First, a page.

May I ask the following two questions:
What problem does Christianity hold to have been
solved by the Incarnation?
In the faith that was followed by Jesus, Mary and Joseph:
-God forgave sin
-the “gates” of heaven [World to Come] were already “open”
-no concept of Original Sin existed
-there was a place in the World to Come for the “righteous
of all nations.”
I’ve often see Roman Catholics fulminating against Luther etc.
for departing from the truth and starting his own church, after
1500 years of basically one faith.
Does no one ask the question:
Christianity set aside Judaism…in fact
it was a new religion, not just a “spun off” church.
It claimed a New Covenant, setting aside a Covenant
that had been made 2500 years earlier.
Before the ministry of Jesus, a religion with
a *3500 *year history! taught people:
-who God was
-who they were
-what was expected of them
-where they were headed [the World to Come.]
-how sin was forgiven
So I ask myself:
a group comes along, claims special revelation, sets aside
a 2500 year covenant, claims a stain [original sin] needed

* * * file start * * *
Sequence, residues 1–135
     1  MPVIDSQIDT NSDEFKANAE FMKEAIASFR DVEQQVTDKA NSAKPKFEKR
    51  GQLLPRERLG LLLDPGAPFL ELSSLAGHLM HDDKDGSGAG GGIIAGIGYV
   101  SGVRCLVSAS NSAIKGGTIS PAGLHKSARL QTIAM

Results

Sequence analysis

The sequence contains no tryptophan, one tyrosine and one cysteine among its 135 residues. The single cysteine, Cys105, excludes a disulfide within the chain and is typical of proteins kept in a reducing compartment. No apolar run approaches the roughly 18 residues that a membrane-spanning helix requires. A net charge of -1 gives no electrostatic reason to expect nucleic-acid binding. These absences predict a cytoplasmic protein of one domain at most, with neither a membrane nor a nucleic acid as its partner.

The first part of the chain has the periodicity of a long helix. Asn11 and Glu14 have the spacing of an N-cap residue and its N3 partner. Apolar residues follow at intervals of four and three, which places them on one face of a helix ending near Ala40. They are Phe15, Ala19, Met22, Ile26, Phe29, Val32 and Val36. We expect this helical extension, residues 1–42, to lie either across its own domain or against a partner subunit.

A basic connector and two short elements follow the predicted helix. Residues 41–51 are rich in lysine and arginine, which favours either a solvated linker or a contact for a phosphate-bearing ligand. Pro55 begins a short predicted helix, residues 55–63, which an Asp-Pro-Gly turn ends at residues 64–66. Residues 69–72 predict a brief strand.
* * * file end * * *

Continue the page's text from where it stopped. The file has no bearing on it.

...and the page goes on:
to be erased, and that their group has “fulfilled” the original
faith. They talk of “opening” gates that weren’t closed to
begin with, being saved, [when the original faith says we
are saved] and then complains about Luther.
The answers given are that Jesus was God and Messiah
and that He rose from the dead.
I’m beginning to think that Christianity offers a solution to
a problem that didn’t/doesn’t exist. Sin was forgiven,
the gates to the World to Come were open, so what
exactly are we being saved* from*?
Saul tells me Original Sin.
The Sages of Israel acknowledged no such reality.
The result? People tied up in knots over whether and how
they are saved. [faith/works.] The fate of unbaptized babies.
Emphasis on the afterlife=“life is a pilgrimage”. Abstention
from marriage seen as a greater good, when called to such. [Which flies in the face of Judaism’s emphasis on God’s command to “Be fruitful and multiply.”]
My own assessment is that the Christian faith flourished
among the Gentiles, because they would not be in a
position to pose the questions Judaism would ask about
the new faith.
The fact that this new faith was considered apostasy by the
original faith, is brushed aside by claims of the divinity of
the Messiah and the further testimony that that Messiah rose
from the dead.
I ask a final time: What problem was solved?